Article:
As antitrust scrutiny of major tech corporations intensifies around the world, Apple (NASDAQ:AAPL) has just been hit with a record fine of 1.1 billion euros ($1.2 billion) by the French Competition Authority over allegations of anticompetitive conduct. Regulators also imposed fines of 76.1 million euros ($84.9 million) and 63 million euros ($70.2 million) on distributors Tech Data (NASDAQ:TECD) and Ingram Micro, respectively.
Here's what investors need to know.
What Apple and distributors are accused of
Back in 2012, Apple reseller eBizcuss went bankrupt after over three decades in business. The company promptly filed complaints with Parisian courts and antitrust regulators, alleging that Apple was engaging in unfair practices. The French Competition Authority raided Apple's offices the following year, along with the other distribution partners.
In a statement, French Competition Authority President Isabelle de Silva says that Apple prevented distributors from competing with each other, "sterilizing the wholesale market for Apple products" in the process. Distributors also risked backlash if they offered lower prices, which had the effect of aligning retail prices of Apple products across half of the retail market, according to the agency. The Cupertino tech giant then allegedly abused its market power and favored a network of "integrated distributors."
Wholesalers Tech Data and Ingram Micro are accused of going along with all three of the anticompetitive practices instead of implementing their own policies. Smaller distributors like eBizcuss already have extremely thin margins and had an economic dependence on Apple, and French authorities consider an abuse of economic dependence to be "particularly serious."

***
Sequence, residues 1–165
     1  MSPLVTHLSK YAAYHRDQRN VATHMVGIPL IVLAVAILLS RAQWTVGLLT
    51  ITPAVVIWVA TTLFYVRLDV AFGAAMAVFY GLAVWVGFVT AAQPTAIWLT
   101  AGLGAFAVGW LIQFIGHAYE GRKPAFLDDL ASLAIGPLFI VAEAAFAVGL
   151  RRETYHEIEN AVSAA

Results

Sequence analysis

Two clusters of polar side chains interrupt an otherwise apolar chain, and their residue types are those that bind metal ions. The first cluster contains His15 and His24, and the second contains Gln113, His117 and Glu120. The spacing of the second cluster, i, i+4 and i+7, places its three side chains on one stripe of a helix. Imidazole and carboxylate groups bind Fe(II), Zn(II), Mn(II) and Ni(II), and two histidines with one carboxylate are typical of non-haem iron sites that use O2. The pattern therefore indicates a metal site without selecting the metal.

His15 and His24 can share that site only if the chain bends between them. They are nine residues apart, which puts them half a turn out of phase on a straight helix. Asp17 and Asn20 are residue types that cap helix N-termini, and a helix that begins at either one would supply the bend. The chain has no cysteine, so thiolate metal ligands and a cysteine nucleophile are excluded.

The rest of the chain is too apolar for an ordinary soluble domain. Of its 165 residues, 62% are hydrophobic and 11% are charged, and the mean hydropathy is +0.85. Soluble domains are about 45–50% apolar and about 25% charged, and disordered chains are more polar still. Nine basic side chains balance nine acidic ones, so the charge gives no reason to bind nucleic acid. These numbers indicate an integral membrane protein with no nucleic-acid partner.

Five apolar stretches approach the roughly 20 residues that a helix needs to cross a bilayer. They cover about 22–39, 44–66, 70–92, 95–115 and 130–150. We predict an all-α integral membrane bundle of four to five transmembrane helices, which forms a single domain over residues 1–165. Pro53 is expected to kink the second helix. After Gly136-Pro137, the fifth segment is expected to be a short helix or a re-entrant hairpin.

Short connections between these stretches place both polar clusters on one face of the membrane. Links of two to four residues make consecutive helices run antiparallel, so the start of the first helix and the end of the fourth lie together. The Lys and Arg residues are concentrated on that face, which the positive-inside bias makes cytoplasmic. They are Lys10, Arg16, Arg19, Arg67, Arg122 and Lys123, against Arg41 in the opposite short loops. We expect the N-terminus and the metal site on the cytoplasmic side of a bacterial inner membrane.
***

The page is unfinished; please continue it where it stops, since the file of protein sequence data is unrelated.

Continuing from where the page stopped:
When new products were launched, Apple would purportedly limit inventory available to some distributors while favoring its own Apple Stores and preferred wholesalers. The alleged improper practices occurred from 2005 to 2013.
Appeals are coming
As one might expect, Ingram Micro disagrees with the findings and in a release said it would "vigorously contest" the decision in the French courts. The company says the allegations are false and that the distribution market in France is "extremely competitive."
"The French Competition Authority's decision is disheartening," Apple spokesperson Josh Rosenstock told The New York Times in a statement. "It relates to practices from over a decade ago and discards 30 years of legal precedent that all companies in France rely on with an order that will cause chaos for companies across all industries." Apple will also appeal the decision.
Apple has long utilized a price maintenance strategy, exerting characteristic control over virtually every aspect of wholesale distribution with a web of confidential agreements and contractual clauses. That's why discounts at third-party resellers are often minimal.
The news comes at a precarious time for Apple, as the global economy is being rocked by the coronavirus pandemic, and recession fears grow every day.